All the tools that you have mentioned (Jenkins, ant, git )help to actually build and test your artifact. In java world usually this can be war, ear or just zip with the application inside. Sometimes for complicated applications it can be more than one artifact. For other programming platforms it may vary, DLLs, binaries for multiple different platforms and so forth.
Now lets say you want to deploy your application. If you have one server you can do it manually or with some homegrown script. So far so good :)
But what if you have a lot of farms (groups of machines), different farms should have deployments with different configurations (databases, different geographical locations) What if your application may scale horizontally so that adding a couple of new nodes to the farm should be a trivial task. Your QA team may just ask for a new environment to run their tests, your performance team can ask for a new environment or add nodes to the farm to run stress tests and so on. Now managing all this stuff seems to be complicated. That's where tools like ansible, chef, salt, puppet and others come into play.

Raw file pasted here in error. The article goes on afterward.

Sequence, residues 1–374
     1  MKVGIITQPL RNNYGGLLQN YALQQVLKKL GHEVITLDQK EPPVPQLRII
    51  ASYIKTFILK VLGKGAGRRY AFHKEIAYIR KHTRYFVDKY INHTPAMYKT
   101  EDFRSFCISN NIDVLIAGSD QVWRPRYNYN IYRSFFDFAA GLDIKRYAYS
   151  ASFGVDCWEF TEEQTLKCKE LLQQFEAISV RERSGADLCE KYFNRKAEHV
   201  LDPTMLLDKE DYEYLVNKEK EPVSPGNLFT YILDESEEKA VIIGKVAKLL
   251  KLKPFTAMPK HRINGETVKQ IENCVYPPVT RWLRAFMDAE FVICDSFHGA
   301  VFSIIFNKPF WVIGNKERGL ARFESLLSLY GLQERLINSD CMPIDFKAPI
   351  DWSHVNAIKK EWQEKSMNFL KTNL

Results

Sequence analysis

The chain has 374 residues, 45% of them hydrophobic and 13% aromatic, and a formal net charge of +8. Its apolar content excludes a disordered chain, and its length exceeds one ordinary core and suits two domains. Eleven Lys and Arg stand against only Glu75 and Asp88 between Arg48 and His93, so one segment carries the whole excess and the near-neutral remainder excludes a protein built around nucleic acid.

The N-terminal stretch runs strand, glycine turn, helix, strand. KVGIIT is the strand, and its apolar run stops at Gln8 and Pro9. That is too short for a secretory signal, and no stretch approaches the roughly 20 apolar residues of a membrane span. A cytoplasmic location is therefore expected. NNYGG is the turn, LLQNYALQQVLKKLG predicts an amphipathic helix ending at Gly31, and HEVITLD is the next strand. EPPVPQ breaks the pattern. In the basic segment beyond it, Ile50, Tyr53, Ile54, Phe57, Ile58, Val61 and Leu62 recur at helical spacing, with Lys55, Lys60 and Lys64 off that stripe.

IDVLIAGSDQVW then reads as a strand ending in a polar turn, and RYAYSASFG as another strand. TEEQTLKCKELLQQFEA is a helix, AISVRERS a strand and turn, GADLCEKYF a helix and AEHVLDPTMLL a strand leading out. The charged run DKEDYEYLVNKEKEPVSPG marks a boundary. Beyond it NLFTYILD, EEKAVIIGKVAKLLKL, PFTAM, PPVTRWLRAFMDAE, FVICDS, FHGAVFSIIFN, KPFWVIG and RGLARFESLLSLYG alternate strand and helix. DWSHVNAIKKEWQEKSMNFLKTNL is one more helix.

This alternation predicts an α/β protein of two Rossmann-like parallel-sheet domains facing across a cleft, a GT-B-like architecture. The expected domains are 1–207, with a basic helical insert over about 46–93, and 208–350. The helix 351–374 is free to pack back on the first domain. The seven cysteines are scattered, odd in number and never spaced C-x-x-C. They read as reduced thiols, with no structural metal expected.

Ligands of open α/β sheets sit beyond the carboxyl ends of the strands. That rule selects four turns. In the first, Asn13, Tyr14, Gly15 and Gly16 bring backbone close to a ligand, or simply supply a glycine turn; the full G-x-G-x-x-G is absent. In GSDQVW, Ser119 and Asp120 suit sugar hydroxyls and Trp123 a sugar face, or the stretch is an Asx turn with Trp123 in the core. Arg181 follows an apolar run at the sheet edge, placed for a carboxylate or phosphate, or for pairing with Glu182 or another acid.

These are actually helping to automate deployment. They can provide recipes of deployment, install missing dependencies (in order to run your project may require jre, tomcat of specific version and nginx for static content ). All this at the level of farm.
I know the answer is too generic and may seem less obvious for java developer (I'm one of those ).
But if you have a team of system/devops guys they should immediately point on benefits of these tools.